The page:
25. ^ Stephen Wang, 238-39. Wang's wife died in 1992, and their ashes were buried near Taihu Lake (244).
  26. ^ Xi, 221.
  27. ^ Stone Made Smooth, 156-67. "Someone inquired whether our marriage was new style or old style. I could only reply, 'Neither new nor old; both new and old; half new half old.'" (167)
  28. ^ Stone Made Smooth, 189-202.
  29. ^ Stone Made Smooth, 197, 194.
  30. ^ Lian Xi, Redeemed by Fire: The Rise of Popular Christianity in Modern China (New Haven: Yale University Press, 2010), 117-121.
  31. ^ Stone Made Smooth, 130-31.
  32. ^ a b Stone Made Smooth, 135.
  33. ^ Xi, 113, 117.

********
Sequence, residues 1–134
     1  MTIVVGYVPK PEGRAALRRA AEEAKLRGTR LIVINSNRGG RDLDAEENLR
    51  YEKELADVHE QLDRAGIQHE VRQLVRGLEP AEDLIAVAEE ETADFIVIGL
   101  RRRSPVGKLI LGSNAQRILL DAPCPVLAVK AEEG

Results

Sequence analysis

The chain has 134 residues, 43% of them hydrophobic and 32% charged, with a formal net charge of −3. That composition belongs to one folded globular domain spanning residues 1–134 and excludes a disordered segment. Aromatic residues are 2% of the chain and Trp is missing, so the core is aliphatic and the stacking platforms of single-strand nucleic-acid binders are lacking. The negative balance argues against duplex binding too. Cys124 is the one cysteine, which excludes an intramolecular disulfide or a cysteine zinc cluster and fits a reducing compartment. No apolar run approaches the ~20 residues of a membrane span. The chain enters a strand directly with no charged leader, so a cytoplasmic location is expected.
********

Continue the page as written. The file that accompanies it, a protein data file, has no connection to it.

34. ^ Xi, 115; Stone Made Smooth, 64-65: "Mr. Ju had taught us simply to cry 'Hallelujah' and to repeat those syllables in succession without stopping. Thus it seemed to be the manufacture of tongues by a man. Naturally we did not regard Mr. Ju, who was a sincere and devout man, as having deceived us. Rather he was deceived himself, and through his own lack of commonsense it was he himself who suffered loss."
  35. ^ Xi, 117.

References

  • Harvey, Thomas Alan (2002), Acquainted With Grief: Wang Mingdao's Stand for the Persecuted Church of China. Grand Rapids, Brazos Press. ISBN 1-58743-039-8.
  • Reynolds, Arthur, tr. (1988), Strength for the Storm, Singapore, OMF, ISBN 9971-972-62-X
  • Wong, Ming-Dao (1981), A Stone Made Smooth, Southampton, Mayflower Christian Books, ISBN 0-907821-00-6
  • Wang, Ming-dao (1983), A Call to the Church, Fort Washington, CLC, ISBN 0-87508-094-4
  • Wong, Ming-Dao (1983), Spiritual Food, Southampton, Mayflower Christian Books, ISBN 0-907821-01-4
  • Wong, Ming-Dao (1989), Day by Day, Crowborough, Highland Books, ISBN 0-946616-43-4